By Felicia Naoum
He has been doing this for 25 years. Initially, his talent surfaced in the Brooklyn borough of New York City (with his thick New-Yorker accent, there is no denying where he’s from). But where he has gone since then is all over the world and then some – in a quite fascinating way. He went from class-clown and school trouble-maker to a comedian headliner. As he openly admits, he always loved getting a reaction out of people. Now, he’s getting a reaction out of the world.
He’s been on Access Hollywood and The Artie Lang Show. He has even stopped by TMZ to put his talents to use on TMZ founder Harvey Levin. He certainly stands out, but not in a crowd, because he takes the stage – in one of the most unique ways possible. He performs comedy and hypnosis – together- and claims he’s changing lives while doing it. During Rich Guzzi’s interactive and what he describes as inspirational show, volunteers come to the stage and he does the rest.
Guzzi identifies as a comedian first and foremost. “I was a comedian first. I had a comedy background ahead of time,” he shares. But after seeing a hypnotist and taking a couple of classes, he was inspired to spice up his act and is notably recognized as “a comedian that does hypnosis… not a hypnotist that does comedy.” Let’s make sure we keep that straight.
And, I’m sure we can hear the naysayers now. But they may not be naysayers for long. At least not according to Guzzi. “My skeptics become the biggest fans.”
And his response to the skeptics:
“I would say, come down and see the show.”
Perhaps, the proof is in the pudding. Or in the experiences of others.
Guzzi shares an emotional story about an audience member who once volunteered to be hypnotized. After the experience, Guzzi received a message from the man’s wife thanking Guzzi. Her husband, a military veteran, completely changed his behavior in a positive way. The wife said to Guzzi, “I got my husband back. My kids got their dad back.”
But for some, even an emotionally positive review may not be enough. Guzzi admits that there are still those few in the audience that thinks his act is fluff and want to prove to him that hypnosis doesn’t work. Guzzi describes this typical audience member as a rough-around-the-edge, macho-type-man, with his arms folded thinking to himself, “Oh this is phony baloney.” But once they volunteer, and they sometimes do, Guzzi works his magic.
Most appreciate it, a few have been removed, but the show always goes on.
And how can a comedy show not go on? Don’t we all need a few more laughs in our life?
Rest assured comedy is always the focus with Guzzi.
“It’s a comedy show. People come to the show because it’s comedy. We use that as a tool to show people how this can change their lives.”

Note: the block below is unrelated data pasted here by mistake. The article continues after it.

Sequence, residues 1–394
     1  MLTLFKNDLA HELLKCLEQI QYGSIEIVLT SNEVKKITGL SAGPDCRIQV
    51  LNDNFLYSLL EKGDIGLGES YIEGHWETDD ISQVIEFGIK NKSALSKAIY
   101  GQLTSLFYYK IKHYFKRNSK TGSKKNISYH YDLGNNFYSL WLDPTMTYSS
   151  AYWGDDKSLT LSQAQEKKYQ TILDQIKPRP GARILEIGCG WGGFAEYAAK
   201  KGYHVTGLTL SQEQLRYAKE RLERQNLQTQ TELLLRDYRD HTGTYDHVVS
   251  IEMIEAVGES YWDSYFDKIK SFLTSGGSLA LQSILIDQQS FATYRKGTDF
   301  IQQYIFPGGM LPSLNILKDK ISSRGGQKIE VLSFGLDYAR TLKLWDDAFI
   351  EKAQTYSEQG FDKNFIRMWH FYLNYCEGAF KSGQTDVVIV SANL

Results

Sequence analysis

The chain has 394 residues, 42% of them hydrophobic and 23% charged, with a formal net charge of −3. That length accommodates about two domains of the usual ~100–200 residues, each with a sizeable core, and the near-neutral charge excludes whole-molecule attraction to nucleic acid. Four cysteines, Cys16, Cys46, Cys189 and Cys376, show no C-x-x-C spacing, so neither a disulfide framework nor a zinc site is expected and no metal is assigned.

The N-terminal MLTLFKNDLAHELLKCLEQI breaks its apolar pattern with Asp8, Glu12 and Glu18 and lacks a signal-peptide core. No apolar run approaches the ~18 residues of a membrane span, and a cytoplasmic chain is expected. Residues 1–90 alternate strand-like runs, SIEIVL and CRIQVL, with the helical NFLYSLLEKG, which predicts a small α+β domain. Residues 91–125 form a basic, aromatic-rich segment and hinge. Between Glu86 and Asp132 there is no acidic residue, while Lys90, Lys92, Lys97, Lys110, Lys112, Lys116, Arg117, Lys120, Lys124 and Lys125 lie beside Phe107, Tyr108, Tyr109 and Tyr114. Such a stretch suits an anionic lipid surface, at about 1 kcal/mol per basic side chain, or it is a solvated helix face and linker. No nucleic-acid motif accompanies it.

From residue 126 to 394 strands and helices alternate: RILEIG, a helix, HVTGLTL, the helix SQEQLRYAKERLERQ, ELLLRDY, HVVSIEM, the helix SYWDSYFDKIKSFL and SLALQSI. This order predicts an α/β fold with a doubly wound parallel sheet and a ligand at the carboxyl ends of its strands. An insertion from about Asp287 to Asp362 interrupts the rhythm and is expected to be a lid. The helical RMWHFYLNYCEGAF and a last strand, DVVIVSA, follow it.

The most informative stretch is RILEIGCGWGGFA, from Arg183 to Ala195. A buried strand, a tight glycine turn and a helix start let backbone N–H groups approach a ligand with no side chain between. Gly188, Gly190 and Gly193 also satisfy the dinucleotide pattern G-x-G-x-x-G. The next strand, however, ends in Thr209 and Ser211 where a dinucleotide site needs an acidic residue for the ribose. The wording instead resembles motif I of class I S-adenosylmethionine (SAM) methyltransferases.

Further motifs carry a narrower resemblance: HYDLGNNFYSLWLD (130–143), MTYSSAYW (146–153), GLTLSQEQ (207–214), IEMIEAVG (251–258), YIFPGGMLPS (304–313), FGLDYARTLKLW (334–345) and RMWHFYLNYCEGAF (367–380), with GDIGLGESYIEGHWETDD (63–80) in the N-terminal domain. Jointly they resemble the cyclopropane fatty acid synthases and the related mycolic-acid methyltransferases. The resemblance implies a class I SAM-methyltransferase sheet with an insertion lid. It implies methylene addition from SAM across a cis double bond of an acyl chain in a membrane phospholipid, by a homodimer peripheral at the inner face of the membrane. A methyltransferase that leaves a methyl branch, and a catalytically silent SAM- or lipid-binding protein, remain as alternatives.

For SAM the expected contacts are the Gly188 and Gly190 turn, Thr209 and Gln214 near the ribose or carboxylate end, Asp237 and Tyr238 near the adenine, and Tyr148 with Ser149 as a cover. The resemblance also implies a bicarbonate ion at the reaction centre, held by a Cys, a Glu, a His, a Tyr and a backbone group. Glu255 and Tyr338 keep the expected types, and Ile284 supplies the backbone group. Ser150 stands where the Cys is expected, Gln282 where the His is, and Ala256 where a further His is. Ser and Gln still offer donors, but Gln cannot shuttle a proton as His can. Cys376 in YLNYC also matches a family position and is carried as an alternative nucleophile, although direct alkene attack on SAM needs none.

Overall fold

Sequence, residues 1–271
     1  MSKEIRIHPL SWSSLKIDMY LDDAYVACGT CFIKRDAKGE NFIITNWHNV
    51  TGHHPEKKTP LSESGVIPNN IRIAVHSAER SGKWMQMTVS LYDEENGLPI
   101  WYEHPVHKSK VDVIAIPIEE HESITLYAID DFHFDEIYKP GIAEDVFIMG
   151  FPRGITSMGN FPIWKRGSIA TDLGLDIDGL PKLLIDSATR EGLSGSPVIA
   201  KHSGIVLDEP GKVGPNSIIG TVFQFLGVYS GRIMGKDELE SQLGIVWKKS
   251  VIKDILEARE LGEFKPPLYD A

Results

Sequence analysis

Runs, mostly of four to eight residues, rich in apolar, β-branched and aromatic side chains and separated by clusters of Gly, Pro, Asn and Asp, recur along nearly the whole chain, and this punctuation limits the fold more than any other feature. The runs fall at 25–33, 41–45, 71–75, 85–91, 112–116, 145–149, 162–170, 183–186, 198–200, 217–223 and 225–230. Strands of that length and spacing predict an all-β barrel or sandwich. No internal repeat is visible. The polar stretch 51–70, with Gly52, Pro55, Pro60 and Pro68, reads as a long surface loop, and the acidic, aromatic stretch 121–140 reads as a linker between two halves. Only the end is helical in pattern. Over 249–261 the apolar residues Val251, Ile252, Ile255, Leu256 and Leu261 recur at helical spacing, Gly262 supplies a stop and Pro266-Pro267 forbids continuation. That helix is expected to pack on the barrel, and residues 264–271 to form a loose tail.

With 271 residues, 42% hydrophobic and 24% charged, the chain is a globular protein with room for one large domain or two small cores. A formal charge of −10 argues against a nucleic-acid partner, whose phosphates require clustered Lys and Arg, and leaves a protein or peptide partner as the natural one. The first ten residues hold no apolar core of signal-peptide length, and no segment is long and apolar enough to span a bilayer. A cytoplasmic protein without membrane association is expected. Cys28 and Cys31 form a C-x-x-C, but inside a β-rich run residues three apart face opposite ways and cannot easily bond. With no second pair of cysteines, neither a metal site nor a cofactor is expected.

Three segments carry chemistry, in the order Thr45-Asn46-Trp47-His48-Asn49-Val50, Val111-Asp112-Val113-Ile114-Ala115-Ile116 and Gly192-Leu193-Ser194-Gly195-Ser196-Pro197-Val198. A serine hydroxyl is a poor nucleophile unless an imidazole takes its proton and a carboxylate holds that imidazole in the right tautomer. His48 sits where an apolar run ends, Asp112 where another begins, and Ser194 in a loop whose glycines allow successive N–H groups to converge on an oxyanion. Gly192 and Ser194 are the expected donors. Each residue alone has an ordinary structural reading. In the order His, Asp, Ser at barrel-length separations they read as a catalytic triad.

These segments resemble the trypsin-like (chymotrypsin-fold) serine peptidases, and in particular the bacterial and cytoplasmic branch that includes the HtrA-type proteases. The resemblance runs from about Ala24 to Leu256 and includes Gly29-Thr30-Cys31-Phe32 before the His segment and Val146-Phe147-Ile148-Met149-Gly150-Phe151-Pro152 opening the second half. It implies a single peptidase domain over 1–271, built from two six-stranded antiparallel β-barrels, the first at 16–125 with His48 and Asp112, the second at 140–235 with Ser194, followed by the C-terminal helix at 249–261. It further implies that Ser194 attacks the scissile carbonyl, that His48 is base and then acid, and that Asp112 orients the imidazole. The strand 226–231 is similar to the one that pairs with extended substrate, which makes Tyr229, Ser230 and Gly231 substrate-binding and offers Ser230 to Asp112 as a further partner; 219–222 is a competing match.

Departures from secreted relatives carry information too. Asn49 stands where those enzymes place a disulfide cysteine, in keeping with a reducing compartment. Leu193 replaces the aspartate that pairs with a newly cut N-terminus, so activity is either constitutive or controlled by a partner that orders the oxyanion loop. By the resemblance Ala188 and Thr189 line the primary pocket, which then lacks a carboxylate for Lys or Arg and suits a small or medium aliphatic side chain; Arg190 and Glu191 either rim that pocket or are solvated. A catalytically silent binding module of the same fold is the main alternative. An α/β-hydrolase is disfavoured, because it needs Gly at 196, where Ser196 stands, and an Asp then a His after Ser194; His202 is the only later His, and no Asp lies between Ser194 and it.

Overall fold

When I ask Guzzi if he’s using comedy to mislead folks to come to his show to see the hypnosis side, he doesn’t view it in that way. And technically speaking, the show is marketed as a comedian who does hypnosis.
See, Guzzi is aware that most people probably wouldn’t take well to a hypnosis show. In fact, his thoughts on doing solely a hypnosis show are rather blunt. That’s why, he keeps the overall performance where his roots are – in comedy. “[A] comedy show is very non-threatening; they’d be throwing rocks at me if I went around the country doing hypnosis.”
Guzzi goes on to admit that there is a creepy element to all of this and one he works to avoid. “A lot of hypnotists are portrayed as creepy; we do it in a real funny way.”
Don’t confuse funny with all jokes. There is a far-reaching, more profound message in Guzzi’s performance, whether believable or not. “It’s comedy with a real serious message and people change their lives because of it,” he says.
Although he doesn’t make promises, he is surely confident in his work.
The only guarantee from Guzzi is “laughing really hard [and] seeing friends onstage doing nonsense…”
However, there may be a little more than that according to Guzzi. “I find as you watch the show, people become transformed.”
Again, not everyone may believe him. There are hypnosis naysayers and even career naysayers, but this New Yorker always walked his own path. As for the career naysayers, he didn’t invite them to come see the show (although he probably would now). Instead, he ignored them and got to where he is today – seamlessly. Within 8 months, he transitioned from an opening act to a headliner.
“You make your own luck by working hard and being tenacious,” he says.
And if you do, and you love it, it’s a certified golden life, right? We’ve all heard that saying: “love what you do, and you’ll never work a day in your life.”
Just check with Guzzi. “I love what I do. I don’t feel like I’m working,” he adds.
But even when you don’t feel like you’re working, you must be aware of who you’re working for. Guzzi knows his audience. “In today’s climate, a lot of people have become a lot more sensitive in the last 10 years. You have to play to your audience…”
Guzzi and I spoke of comedians possibly going too far these days. And although Guzzi is taking the stage in a potentially controversial way, his goal is to respect everyone and always choose comedy first.
Specifically speaking, I ask Guzzi his thoughts on Kathy Griffin’s controversial skit regarding President Trump. He thought she went a little too far. “I think we should support the president no matter who he is. Comedy over political statement. I wouldn’t have done it and not because I’m a supporter of anybody, [but] out of pure respect.”
And this respectable man wants the chance to assist you with all your New Year’s resolutions. He says they will be “really attainable” once you see his show December 30 and 31st at Hard Rock Rocksino Northfield Park.